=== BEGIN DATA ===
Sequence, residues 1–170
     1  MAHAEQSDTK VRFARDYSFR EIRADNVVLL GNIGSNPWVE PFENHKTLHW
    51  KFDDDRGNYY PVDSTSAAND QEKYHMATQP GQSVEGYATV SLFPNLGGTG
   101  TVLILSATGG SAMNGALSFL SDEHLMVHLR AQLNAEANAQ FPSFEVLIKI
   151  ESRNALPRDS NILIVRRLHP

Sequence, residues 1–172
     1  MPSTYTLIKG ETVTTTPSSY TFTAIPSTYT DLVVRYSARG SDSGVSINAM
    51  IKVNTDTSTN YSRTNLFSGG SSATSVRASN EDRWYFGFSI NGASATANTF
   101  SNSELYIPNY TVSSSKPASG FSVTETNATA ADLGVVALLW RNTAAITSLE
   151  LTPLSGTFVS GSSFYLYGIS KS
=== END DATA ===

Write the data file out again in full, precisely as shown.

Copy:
Sequence, residues 1–170
     1  MAHAEQSDTK VRFARDYSFR EIRADNVVLL GNIGSNPWVE PFENHKTLHW
    51  KFDDDRGNYY PVDSTSAAND QEKYHMATQP GQSVEGYATV SLFPNLGGTG
   101  TVLILSATGG SAMNGALSFL SDEHLMVHLR AQLNAEANAQ FPSFEVLIKI
   151  ESRNALPRDS NILIVRRLHP

Sequence, residues 1–172
     1  MPSTYTLIKG ETVTTTPSSY TFTAIPSTYT DLVVRYSARG SDSGVSINAM
    51  IKVNTDTSTN YSRTNLFSGG SSATSVRASN EDRWYFGFSI NGASATANTF
   101  SNSELYIPNY TVSSSKPASG FSVTETNATA ADLGVVALLW RNTAAITSLE
   151  LTPLSGTFVS GSSFYLYGIS KS